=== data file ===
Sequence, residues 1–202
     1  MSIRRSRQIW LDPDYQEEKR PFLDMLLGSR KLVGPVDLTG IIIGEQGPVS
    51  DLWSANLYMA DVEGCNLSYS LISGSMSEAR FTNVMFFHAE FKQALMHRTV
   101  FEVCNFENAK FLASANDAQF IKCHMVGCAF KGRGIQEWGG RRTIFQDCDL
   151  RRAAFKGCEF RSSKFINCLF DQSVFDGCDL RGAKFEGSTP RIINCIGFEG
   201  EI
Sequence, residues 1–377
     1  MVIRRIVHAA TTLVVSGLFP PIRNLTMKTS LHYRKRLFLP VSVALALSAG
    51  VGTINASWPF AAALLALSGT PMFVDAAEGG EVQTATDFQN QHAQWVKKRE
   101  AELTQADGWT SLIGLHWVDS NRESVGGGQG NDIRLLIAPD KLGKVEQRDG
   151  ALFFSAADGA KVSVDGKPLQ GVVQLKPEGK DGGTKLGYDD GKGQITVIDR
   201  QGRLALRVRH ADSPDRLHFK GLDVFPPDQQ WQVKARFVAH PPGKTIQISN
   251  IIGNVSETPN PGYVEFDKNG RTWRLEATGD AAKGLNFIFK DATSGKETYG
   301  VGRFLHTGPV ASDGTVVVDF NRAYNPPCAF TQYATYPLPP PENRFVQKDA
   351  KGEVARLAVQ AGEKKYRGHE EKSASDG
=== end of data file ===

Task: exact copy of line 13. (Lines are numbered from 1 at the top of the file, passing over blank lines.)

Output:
   251  IIGNVSETPN PGYVEFDKNG RTWRLEATGD AAKGLNFIFK DATSGKETYG